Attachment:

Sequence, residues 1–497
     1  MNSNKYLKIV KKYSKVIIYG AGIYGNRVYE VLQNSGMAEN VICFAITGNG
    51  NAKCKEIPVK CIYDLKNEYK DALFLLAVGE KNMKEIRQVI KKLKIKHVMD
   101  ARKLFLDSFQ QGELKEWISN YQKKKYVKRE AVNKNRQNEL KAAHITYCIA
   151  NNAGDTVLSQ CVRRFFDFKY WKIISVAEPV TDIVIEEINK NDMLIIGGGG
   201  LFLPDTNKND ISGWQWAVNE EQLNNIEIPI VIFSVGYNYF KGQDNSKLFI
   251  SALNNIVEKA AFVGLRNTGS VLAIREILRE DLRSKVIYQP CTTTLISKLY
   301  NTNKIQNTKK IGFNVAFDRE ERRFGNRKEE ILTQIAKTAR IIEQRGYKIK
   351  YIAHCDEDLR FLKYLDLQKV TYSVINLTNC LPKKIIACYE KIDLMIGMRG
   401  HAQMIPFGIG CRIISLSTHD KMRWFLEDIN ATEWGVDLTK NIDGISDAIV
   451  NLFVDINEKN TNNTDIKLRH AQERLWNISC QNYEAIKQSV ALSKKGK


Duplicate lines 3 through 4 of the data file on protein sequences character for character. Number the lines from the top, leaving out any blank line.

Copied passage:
    51  NAKCKEIPVK CIYDLKNEYK DALFLLAVGE KNMKEIRQVI KKLKIKHVMD
   101  ARKLFLDSFQ QGELKEWISN YQKKKYVKRE AVNKNRQNEL KAAHITYCIA